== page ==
The world is on the cusp of a major mobility transformation; in fact, we’re in the thick of it. We are looking at a not-so-far future with less personally owned vehicles and more mobility solutions consumed as a service. The transportation industry looks nothing like it did 100 years ago and yet a Jetson-like future isn’t as unimaginable as we once thought. Dockless bikes and scooters line our streets, autonomous vehicles are slated to hit highways in the next few years and electric charging stations are popping up across major cities around the world. But how did we get here?
Between 1870 and 1920, 11 million people in the US moved from rural to urban areas, and by 1920, more Americans were living in cities than the countryside for the first time in history. This massive rise in urban population led to major transportation developments, like the first mass produced automobile and the first subway system, which changed the way people got from point A to B forever. From then on, things accelerated quite quickly. The 20th century brought about major innovations like the motor driven airplane, the liquid-fueled rocket, the space shuttle and the first mass-produced electric vehicle. These major milestones influenced the rapid growth and transformation into the industry we know today that boasts over 1 billion cars on the road, millions of railways passengers, and over 100,000 flights taking off per day. Times certainly have changed.
Of course, it’s no secret that the rise of urban living combined with advances in transportation technology has had a major effect on traffic, congestion, the planet and of course, on us. With 68% of the world population expected to live in urban areas by 2050, we now have no choice but to combat the growing problems. The root of it all is people movement. Once we know where and when people are going, we can provide them with the right mobility services to get them there. Already today we are seeing a huge shift in the way mobility is consumed.
Carsharing and ridesharing have already helped relieve some of the issues plaguing urbanites. While we are still learning the impact of these newer forms of mobility, we already see great potential. More people are selling their personal vehicles and the number of passenger vehicles on American roads is expected to drop from 247 million in 2020 to 44 million in 2030.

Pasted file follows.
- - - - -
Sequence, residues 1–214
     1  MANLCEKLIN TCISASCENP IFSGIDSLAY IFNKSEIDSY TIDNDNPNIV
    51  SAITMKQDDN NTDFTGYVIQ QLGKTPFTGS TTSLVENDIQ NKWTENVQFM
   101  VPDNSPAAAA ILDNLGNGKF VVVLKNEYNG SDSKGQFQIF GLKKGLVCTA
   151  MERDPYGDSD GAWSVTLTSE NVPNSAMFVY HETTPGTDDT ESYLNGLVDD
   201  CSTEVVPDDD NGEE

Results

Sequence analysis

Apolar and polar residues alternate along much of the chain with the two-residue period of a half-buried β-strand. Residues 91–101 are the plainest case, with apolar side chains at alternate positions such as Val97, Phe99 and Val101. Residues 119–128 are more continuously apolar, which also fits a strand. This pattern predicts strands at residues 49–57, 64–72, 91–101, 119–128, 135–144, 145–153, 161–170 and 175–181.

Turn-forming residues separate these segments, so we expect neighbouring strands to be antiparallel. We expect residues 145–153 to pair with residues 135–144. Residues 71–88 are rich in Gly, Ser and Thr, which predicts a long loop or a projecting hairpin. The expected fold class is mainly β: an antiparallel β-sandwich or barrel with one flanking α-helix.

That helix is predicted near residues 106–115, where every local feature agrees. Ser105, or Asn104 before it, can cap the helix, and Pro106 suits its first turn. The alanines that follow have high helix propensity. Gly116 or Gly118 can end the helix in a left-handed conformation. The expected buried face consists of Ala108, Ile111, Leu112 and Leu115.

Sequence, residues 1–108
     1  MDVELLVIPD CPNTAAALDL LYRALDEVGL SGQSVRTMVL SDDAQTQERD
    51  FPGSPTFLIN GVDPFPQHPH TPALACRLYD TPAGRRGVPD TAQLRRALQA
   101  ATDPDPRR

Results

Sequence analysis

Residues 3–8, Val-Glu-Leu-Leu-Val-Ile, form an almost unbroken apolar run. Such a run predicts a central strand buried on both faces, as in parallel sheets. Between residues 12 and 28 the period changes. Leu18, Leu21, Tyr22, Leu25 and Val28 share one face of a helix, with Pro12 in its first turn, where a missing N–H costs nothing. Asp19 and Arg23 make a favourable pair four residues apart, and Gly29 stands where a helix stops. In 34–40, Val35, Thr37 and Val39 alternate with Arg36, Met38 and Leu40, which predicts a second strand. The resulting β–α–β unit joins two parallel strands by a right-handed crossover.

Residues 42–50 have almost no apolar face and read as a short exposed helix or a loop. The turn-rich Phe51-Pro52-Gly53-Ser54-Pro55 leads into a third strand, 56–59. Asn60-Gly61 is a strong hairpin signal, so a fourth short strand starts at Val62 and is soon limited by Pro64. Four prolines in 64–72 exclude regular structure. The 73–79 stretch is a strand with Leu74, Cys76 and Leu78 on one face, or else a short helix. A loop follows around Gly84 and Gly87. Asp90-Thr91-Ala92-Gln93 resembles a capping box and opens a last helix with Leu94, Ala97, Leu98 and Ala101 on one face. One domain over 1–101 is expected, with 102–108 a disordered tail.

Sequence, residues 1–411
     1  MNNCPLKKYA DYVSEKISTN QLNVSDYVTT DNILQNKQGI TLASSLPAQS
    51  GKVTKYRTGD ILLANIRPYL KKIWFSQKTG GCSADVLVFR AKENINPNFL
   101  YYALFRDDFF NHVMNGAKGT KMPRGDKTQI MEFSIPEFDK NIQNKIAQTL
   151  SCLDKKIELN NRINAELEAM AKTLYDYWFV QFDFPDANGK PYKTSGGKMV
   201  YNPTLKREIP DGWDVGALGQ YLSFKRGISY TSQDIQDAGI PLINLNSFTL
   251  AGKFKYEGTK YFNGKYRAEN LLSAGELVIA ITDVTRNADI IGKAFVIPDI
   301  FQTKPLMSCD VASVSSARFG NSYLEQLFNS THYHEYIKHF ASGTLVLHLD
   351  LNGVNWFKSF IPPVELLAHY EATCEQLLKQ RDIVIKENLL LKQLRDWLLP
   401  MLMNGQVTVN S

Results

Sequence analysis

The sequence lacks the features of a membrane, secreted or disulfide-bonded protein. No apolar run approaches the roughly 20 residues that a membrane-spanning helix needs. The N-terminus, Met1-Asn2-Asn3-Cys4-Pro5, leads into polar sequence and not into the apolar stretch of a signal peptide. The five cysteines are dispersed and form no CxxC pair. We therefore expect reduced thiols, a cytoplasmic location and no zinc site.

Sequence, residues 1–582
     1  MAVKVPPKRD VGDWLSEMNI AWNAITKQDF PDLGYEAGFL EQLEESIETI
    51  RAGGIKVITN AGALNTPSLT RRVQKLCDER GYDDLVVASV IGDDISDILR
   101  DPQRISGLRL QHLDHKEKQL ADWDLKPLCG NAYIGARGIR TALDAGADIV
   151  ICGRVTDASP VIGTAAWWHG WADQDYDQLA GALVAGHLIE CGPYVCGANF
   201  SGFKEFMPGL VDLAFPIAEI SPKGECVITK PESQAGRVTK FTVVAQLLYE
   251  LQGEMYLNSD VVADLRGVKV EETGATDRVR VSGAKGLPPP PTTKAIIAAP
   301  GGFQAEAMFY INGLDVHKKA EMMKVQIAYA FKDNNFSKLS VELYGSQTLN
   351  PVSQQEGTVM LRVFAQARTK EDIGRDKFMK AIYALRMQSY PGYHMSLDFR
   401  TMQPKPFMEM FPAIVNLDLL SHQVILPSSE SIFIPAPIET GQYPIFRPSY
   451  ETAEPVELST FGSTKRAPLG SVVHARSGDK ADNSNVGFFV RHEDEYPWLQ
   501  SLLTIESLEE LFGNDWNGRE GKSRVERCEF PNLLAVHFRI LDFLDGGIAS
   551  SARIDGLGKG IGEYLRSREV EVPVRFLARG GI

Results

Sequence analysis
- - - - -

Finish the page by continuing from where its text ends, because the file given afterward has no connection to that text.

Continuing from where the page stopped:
Along with ride and carsharing, other forms of light mobility, like bike and scooter sharing programs, have been steadily growing. Today there are over 1600 bike sharing programs worldwide with 18.2M public-use bicycles available globally. These staggering numbers show the mindset of mobility consumers today and the impact of these mobility options is seen on cities, the environment and public health.
This new wave of mobility doesn’t mean traditional forms of transportation are going anywhere. In fact, it’s quite the opposite. The efficiency and capacity of public transport still can’t be matched. Public transportation is still the backbone of people movement, and large-scale efforts have been made in order for it to take part in the success of MaaS. More and more rail systems are being integrated into the whole end-to-end customer journey, promoting multi modal transport. For example, a commuter might take a shared bike to the train station and then walk to work from there. We’re standing at a crossroads; the old (traditional public transportation) meets the new (emerging forms of transportation) in order to create the future of mobility.
For this vision to truly come to life, we must give people access to the full mobility market. The HERE Mobility Marketplace aggregates all mobility services into one open place, giving consumers the freedom to choose how they want to travel. The very essence and core of mobility as a service puts people at the center. We are making a shift towards a more personal experience and MaaS gives individuals the freedom and flexibility to choose how they get from A to B and the ability to book and pay for their journey through one single platform. We are thrilled to be ushering in the mobility revolution and help seamlessly integrate MaaS into our everyday lives.